A Day in the Life of a Recruiter at Modis
A recruiter is someone who finds qualified candidates for a job opening and works to meet the demands of both the employer and the employee throughout the hiring process. ...Read more
By: Caroline Sage, Senior Project Manager
Whereas life sciences typically revolve around understanding the biological processes that make up the human body and mind, and how this can be impacted in disease and health conditions, it is clear that besides biology and chemistry, data sciences are becoming increasingly important in this sector. Despite the great promise, several critical success factors and barriers can be identified.
The advent of big data analytics, artificial intelligence (A.I.), real-world evidence, … have significantly impacted the way things are getting done in life sciences. Not only at the level of discovery and early research & development, but even in strategic decision-making or monitoring of (bio)manufacturing, data has taken center stage in current business practice. Having accessible and reusable data is often considered as a key growth engine for individual companies, but the potential benefits thereof lie far beyond the boundaries of any single entity. Nevertheless, it remains an intricate balancing act to collect and (re)use data in an ethical, correct way while also maximally leveraging its potential.
Data obviously holds a big promise to all stakeholders in the life sciences ecosystem. However, at the same time, generating real insights from different types and disparate sources of data requires dedicated skillsets and approaches that might not be widely available yet. Moreover, with data being generated in different settings (e.g., clinical trials, primary care, …), with different devices (and with different intentions), data integration and linkage needs to be established at various levels, which is not trivial.
To work with data, one first needs to better understand the different concepts surrounding data. First, there might be very different types of data needed to solve a particular question or address a particular need. For instance, when considering the best treatment options for an individual patient, one might want to combine different omics data with lab results and other elements from the patient record, whereas in early discovery, one would be more interested in discovering patterns in toxicity testing data.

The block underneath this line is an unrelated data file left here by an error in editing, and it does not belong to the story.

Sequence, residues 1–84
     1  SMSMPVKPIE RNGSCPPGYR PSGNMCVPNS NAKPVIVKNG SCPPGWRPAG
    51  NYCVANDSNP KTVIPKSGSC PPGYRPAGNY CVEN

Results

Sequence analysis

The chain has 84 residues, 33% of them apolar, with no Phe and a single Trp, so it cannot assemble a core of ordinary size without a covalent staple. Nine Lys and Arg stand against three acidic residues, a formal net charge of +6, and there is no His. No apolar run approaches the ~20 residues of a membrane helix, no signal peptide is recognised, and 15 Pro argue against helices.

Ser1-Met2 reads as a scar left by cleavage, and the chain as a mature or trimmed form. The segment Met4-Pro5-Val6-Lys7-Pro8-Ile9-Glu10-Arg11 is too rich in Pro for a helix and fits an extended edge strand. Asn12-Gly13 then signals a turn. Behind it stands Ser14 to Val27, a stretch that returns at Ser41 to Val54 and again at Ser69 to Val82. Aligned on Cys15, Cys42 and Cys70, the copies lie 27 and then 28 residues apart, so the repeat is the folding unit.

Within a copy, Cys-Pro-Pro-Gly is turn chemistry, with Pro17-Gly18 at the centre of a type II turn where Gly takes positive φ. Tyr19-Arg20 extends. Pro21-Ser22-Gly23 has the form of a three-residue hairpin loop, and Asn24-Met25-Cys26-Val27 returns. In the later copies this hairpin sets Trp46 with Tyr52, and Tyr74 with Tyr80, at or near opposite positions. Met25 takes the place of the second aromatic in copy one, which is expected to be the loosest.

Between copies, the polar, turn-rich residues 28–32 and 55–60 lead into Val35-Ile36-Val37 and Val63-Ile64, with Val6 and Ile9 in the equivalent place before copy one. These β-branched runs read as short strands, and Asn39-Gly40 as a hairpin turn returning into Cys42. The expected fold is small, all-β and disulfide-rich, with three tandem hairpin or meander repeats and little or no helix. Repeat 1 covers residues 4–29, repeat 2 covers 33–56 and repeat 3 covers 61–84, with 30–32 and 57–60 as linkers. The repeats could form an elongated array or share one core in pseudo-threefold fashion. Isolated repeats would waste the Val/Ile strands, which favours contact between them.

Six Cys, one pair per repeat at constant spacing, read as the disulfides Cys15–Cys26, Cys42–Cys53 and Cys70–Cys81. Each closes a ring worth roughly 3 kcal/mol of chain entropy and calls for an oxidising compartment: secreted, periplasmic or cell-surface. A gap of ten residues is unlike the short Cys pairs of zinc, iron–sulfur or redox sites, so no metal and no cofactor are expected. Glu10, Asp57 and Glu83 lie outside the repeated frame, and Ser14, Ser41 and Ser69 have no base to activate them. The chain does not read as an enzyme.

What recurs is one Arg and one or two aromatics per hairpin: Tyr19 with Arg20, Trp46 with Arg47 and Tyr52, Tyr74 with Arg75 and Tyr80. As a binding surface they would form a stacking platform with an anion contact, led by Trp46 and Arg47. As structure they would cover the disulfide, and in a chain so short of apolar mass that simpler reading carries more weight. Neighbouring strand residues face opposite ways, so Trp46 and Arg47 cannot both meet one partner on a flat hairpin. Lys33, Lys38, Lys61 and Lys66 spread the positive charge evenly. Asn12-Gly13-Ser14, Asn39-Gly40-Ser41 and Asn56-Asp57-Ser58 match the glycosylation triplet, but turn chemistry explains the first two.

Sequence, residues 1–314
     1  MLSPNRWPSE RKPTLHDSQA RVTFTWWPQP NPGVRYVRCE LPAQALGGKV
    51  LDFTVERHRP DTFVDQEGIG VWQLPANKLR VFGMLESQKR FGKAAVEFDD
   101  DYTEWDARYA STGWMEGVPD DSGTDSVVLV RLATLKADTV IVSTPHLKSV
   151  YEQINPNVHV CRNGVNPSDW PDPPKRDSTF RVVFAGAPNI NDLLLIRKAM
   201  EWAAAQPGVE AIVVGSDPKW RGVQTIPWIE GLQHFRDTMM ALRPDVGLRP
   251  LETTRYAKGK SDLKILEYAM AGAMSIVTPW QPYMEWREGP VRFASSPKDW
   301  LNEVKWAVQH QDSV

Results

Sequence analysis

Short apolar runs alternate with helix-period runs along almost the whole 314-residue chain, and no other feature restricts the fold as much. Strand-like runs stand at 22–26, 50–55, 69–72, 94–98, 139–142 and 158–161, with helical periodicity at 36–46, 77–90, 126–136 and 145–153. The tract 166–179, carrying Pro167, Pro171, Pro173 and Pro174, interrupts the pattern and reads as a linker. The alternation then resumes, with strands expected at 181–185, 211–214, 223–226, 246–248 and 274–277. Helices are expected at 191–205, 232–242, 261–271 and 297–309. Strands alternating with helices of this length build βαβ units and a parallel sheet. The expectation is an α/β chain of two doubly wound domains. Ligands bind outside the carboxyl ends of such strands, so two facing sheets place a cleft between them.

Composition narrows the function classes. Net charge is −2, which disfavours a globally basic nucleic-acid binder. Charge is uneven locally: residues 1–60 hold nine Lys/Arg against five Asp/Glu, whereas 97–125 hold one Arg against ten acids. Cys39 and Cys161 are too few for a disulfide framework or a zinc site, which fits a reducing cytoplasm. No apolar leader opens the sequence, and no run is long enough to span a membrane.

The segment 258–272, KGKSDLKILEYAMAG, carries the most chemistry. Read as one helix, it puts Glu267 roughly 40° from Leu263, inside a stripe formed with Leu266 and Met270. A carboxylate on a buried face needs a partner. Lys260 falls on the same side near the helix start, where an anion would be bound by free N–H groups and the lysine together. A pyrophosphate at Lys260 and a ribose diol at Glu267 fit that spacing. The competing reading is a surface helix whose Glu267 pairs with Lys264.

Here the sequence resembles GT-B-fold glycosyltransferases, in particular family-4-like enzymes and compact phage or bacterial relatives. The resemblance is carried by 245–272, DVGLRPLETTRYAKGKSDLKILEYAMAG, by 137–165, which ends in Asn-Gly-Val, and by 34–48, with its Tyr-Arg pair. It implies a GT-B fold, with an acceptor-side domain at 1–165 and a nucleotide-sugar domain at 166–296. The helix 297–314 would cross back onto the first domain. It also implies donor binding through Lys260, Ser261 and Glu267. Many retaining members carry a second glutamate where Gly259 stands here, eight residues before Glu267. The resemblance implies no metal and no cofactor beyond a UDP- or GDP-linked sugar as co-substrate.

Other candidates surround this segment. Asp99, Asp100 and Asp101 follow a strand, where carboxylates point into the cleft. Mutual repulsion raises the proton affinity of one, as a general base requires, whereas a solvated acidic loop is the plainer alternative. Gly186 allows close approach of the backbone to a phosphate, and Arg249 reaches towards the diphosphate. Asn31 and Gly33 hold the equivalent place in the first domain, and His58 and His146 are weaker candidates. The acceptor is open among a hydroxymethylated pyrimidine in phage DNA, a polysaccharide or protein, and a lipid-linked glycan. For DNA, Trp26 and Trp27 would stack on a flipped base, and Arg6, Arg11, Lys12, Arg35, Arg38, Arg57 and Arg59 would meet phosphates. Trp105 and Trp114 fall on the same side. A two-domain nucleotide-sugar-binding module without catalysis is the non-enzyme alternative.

Second, depending on the intent, it might be more important to have high volumes vs high quality, or assuring data integrity. Especially in those cases where regulatory compliance is important, the traceability and veracity of data needs to be assured at all times.
Once you have established which data are relevant for your specific case, the next step is to determine which data sources you will want or need to include. These might be strictly internal to the company, or sourced from a wide array of data partners, either via data sharing agreements, or third parties offering data-as-a-service or platform-as-a-service or other options. Again, data sharing in itself poses different challenges, among which establishing the right data sharing agreements and concomitant business models, safeguarding data security and privacy, and establishing the right levels of trust among the different stakeholders are deemed key.
Subsequently, data will need to get further processed, analyzed and visualized to generate answers and insights on the particular case at hand. This not only requires analytical capabilities, but also storytelling to support the correct interpretation on the outcomes.
In addition to the different barriers listed above, it should be noted that the field of data technology is rapidly evolving (e.g., data lakehouses, data fabrics, graph, solid technology), requiring different stakeholders in the ecosystem to continuously adapt their strategies and practical set-ups towards establishing data-driven healthcare.
The opportunity of data has now also been widely recognized by governments, with a.o., the European Commission recently announcing the creation of a Knowledge Center on Cancer, with a main aim to consolidate, track and provide access to cancer data, as an aid to supporting research and improving treatments. In Flanders, the spearhead cluster on health, Flanders.healthTech, was launched in June 2021, having data as a foundation and connector between its key themes.
With digital transformation only just really beginning to start and/or accelerate in many life sciences companies, and various initiatives co-creating the right infrastructure and tools for making data more readily accessible and reusable, it will be an exciting journey to really unlock the power of data in life sciences in the years to come.
Are you curious to know more about what the Flemish Life Sciences ecosystem has to offer in this domain? Come join us for the sessions on ‘Understanding data (13-14h)’ and ‘Data Availability & Use’ (moderated by Modis, 15.30-16.30h) at the Knowledge for Growth conference held in Ghent, Belgium today!